US 5267994 A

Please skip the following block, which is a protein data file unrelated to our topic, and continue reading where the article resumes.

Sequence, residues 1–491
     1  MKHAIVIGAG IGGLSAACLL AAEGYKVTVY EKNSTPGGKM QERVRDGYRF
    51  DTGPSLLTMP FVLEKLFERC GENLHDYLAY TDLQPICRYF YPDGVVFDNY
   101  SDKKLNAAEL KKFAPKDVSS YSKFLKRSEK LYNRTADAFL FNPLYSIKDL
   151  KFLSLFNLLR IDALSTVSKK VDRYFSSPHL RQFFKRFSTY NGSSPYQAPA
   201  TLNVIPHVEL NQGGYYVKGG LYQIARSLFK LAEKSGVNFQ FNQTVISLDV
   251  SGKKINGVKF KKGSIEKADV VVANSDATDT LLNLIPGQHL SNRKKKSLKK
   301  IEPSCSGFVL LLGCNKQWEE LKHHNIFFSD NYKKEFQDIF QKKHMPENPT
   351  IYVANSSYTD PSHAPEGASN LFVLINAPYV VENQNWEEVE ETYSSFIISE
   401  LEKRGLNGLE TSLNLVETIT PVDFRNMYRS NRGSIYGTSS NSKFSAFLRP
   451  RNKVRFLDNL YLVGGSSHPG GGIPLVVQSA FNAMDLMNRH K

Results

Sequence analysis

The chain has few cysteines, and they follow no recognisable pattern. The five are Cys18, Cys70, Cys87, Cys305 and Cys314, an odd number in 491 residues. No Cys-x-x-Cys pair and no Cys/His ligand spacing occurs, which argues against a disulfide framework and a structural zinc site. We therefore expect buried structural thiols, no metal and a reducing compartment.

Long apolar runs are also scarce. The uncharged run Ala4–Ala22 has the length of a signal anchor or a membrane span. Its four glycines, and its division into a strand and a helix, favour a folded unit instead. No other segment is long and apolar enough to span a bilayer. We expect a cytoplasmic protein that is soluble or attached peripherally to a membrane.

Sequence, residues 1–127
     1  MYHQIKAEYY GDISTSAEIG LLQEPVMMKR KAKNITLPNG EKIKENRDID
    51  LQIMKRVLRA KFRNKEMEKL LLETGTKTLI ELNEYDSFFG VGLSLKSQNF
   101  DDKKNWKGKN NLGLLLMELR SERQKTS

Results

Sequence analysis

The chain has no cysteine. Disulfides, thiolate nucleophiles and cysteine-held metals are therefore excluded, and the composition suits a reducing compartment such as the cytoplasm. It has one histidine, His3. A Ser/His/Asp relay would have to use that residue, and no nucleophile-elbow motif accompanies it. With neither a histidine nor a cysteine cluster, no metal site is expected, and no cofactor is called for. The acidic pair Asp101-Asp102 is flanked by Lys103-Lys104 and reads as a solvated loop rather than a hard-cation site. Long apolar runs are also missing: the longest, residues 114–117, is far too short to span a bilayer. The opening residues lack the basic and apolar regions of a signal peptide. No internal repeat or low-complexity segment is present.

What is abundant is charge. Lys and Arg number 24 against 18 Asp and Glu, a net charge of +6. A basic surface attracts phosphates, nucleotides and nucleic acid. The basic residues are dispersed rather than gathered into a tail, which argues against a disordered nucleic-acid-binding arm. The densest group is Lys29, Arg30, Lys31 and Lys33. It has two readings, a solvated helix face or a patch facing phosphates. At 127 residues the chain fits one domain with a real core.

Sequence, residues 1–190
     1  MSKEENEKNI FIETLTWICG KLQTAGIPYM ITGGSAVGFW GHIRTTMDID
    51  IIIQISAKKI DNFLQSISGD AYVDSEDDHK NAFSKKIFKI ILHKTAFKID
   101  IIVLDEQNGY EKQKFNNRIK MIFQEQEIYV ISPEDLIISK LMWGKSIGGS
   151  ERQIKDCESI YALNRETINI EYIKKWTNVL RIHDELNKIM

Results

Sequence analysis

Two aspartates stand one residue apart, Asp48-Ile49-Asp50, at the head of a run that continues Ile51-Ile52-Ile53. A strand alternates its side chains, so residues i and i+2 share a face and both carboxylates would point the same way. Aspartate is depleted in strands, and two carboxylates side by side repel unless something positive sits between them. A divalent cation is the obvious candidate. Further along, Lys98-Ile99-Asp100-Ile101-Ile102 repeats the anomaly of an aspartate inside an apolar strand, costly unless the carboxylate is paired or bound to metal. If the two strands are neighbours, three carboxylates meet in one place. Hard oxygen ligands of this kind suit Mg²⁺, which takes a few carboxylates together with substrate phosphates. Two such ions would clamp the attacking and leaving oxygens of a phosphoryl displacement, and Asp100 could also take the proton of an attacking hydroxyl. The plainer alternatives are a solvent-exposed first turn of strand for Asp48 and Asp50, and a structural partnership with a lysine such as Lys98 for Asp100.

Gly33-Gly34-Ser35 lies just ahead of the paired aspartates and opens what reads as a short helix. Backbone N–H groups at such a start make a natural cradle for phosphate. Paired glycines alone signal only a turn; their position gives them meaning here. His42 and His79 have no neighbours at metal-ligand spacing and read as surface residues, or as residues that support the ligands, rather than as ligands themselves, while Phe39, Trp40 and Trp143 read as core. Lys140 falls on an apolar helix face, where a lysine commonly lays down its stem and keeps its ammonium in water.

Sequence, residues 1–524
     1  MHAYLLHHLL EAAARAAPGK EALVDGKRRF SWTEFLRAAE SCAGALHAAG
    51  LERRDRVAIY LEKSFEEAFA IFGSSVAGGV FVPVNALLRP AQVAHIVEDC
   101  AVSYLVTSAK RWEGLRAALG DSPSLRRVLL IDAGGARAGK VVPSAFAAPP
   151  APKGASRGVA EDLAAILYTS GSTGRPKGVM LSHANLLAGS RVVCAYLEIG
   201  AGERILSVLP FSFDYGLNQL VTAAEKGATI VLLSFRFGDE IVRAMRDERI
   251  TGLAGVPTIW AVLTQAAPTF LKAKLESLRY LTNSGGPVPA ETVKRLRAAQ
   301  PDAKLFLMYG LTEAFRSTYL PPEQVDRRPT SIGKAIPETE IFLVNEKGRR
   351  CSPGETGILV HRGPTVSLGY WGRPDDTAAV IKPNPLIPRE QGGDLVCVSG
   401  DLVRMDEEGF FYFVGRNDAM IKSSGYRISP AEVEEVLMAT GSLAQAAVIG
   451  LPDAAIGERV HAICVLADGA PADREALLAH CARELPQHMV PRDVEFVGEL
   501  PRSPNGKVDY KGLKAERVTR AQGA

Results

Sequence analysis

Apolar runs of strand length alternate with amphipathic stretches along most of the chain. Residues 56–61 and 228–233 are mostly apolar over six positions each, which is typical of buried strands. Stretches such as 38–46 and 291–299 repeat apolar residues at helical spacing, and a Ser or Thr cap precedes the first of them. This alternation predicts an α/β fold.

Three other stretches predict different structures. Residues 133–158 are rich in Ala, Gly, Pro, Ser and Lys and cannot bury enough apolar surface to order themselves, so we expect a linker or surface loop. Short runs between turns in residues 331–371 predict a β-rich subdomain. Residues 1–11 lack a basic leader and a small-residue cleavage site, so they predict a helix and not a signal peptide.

An electrosurgical probe is provided which reduces the likelihood of arcing from the probe. In addition, the probe provides the ability to place a fiber-optic cable through the probe for providing for laser surgery or for laproscopic examination of the patient. The electrosurgical probe comprises an electrosurgical tip, a cylindrical body attached to the tip, and a base attached to the cylindrical body. The tip may have many different shapes but a spatula shape is generally preferred. The tip has at least one notch in the periphery of the spatula shape for retaining a fiber-optic cable. The cylindrical body is substantially hollow so that suction, irrigation, and laparoscopy may be carried out through the probe. To aid the surgeon in determining dimensions of organs within a patient, the cylindrical body has a plurality of striped regions having a predetermined thickness spaced apart at predetermined intervals on an outer surface of the cylindrical body. The cylindrical body is composed of an insulative material for preventing accidental shock to a patient. To prevent accidental arcing, an insulative layer which substantially covers the electrosurgical tip with at most a 4 mm extension of the electrosurgical tip exposed with no insulative layer.